Project of The Month: Alki Homestead

Image by Western Neon © 2018

Western Neon is delighted to collaborate with Alki Homestead building owner Dennis Schilling and the Southwest Seattle Historical Society on the restoration of the iconic Alki Homestead neon sign. After two years of decommission, the sign has been restored to its former glory and can be found atop the historic Alki Homestead in West Seattle.

Image by Western Neon © 2018

Built in 1904, the former Fir Lodge has been through many changes in its lifespan. Notably, it was awarded Landmark Status by the City of Seattle in 1995. A fire in 2009 caused extensive damage to the already weak building, and efforts to get restoration approval proved to be difficult. Dennis Schilling took ownership of the historic property in March 2015 and created an approved restoration plan. Now, three and a half years later, Dennis and his son Matt are nearing completion of the project with help from the Southwest Seattle Historical Society.

Image by Western Neon © 2018

The original 1950s Alki Homestead restaurant sign came down in July 2016 after being vandalized. Western Neon was approached with the opportunity to fully restore the sign in February of 2018 by Dennis Schilling. The project was extensive, and many steps were taken to restore the sign to its original glory. The team at Western Neon began by sanding and reshaping the metal body of the sign. Next, the body was given a fresh coat of paint. Finally, the glass team bent all new lettering for the sign in red and green neon. The sign was installed early this month and now glows in its rightful place atop the Alki Homestead.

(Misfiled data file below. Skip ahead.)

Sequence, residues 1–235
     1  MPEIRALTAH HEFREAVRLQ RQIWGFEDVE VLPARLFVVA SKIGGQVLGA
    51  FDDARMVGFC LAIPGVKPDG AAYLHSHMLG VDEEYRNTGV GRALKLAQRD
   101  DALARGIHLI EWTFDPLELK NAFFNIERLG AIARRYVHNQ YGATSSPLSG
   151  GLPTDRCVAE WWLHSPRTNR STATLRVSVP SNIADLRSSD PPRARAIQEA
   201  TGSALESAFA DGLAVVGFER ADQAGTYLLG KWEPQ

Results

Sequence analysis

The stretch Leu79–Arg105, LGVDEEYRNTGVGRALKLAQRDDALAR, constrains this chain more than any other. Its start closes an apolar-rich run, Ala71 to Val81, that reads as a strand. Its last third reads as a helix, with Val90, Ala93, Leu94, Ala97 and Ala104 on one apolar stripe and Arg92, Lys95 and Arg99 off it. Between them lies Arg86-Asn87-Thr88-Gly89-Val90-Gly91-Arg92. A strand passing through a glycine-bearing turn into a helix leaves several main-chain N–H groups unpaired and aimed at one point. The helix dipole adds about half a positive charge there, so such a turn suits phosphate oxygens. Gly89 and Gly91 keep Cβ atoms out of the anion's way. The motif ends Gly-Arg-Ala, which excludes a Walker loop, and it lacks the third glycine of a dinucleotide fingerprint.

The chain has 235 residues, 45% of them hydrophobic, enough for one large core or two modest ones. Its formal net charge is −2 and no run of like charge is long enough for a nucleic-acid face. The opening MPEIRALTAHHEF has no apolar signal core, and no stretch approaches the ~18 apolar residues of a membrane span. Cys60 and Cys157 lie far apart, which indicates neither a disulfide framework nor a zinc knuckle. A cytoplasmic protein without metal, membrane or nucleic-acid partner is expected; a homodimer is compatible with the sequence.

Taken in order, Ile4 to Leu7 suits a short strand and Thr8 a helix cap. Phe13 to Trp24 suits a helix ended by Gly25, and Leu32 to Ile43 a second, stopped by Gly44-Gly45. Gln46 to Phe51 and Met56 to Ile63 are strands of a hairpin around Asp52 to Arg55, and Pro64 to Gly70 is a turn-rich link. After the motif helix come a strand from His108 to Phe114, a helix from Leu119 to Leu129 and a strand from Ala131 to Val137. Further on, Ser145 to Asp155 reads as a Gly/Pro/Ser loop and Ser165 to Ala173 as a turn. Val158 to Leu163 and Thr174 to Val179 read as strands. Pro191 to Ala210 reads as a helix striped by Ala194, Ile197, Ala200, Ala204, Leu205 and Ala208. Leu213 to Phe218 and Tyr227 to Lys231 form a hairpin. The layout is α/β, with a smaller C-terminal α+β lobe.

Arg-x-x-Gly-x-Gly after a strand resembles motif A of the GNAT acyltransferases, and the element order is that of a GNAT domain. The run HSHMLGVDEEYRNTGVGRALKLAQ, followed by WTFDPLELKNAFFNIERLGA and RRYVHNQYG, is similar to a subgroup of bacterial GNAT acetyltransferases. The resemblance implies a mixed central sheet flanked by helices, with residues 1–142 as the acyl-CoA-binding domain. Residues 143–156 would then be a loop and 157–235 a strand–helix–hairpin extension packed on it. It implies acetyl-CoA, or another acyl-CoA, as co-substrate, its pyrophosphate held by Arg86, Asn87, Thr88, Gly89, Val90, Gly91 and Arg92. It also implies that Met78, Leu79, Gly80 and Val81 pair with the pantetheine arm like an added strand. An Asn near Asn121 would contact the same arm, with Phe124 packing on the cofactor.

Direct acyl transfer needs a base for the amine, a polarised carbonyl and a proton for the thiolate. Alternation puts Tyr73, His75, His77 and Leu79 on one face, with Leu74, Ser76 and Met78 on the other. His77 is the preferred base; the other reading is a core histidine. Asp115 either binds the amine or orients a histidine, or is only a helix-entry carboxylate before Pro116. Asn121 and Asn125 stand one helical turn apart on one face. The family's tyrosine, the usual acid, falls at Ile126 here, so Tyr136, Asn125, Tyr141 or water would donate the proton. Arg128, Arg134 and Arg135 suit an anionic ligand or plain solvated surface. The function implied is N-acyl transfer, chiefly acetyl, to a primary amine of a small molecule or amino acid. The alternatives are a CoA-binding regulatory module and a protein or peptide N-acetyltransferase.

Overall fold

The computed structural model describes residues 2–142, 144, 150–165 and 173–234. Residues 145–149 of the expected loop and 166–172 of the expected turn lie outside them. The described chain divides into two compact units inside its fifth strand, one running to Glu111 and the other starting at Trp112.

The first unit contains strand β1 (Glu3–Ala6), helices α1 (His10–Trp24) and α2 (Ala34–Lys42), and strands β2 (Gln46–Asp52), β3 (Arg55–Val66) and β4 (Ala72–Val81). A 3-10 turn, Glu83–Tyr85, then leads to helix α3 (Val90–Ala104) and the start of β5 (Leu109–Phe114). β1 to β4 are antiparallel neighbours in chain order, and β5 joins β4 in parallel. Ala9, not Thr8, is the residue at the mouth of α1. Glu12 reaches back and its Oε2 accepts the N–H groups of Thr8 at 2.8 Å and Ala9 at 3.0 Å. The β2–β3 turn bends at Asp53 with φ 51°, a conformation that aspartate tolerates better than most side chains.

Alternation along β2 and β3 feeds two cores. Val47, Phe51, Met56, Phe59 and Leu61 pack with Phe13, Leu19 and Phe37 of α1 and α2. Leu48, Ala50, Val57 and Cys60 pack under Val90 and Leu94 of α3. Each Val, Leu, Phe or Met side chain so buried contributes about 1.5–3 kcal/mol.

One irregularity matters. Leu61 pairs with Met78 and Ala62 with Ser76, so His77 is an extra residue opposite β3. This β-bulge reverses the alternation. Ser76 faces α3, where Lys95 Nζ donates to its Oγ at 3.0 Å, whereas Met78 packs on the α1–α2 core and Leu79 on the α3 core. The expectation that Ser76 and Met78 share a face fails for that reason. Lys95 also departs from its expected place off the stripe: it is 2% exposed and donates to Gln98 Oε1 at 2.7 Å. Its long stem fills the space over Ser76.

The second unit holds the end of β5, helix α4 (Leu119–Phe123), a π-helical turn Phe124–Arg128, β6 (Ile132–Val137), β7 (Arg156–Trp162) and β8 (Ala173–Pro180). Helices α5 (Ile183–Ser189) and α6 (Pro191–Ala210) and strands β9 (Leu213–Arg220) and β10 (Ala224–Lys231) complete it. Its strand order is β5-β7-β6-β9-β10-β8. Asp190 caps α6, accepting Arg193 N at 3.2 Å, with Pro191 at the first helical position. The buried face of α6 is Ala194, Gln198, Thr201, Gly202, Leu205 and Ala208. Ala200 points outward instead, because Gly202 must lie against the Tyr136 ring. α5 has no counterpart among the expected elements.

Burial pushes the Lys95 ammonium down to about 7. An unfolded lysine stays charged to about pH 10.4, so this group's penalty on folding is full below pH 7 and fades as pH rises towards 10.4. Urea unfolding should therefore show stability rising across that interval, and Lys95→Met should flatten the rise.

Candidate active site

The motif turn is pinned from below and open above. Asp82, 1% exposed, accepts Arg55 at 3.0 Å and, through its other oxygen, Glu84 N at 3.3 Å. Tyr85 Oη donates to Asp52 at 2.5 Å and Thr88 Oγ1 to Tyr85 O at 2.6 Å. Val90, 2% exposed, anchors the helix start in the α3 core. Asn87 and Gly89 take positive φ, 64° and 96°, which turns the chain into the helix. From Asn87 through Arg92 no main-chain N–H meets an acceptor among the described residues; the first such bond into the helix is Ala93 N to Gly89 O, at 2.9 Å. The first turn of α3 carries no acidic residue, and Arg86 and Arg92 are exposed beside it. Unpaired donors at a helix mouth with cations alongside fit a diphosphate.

The space in the ground floor of the renovated building now has new tenants – Mike and Victoria Easton, owners of the restaurant Il Corvo. Mike plans to open a new Italian restaurant, Il Nido, as a home base accompaniment to the Pioneer Square eatery. Keep an eye out for restoration updates and the future restaurant opening! If you’d like to learn more about the history of the Alki Homestead, visit the Southwest Seattle Historical Society website and their Log House Museum.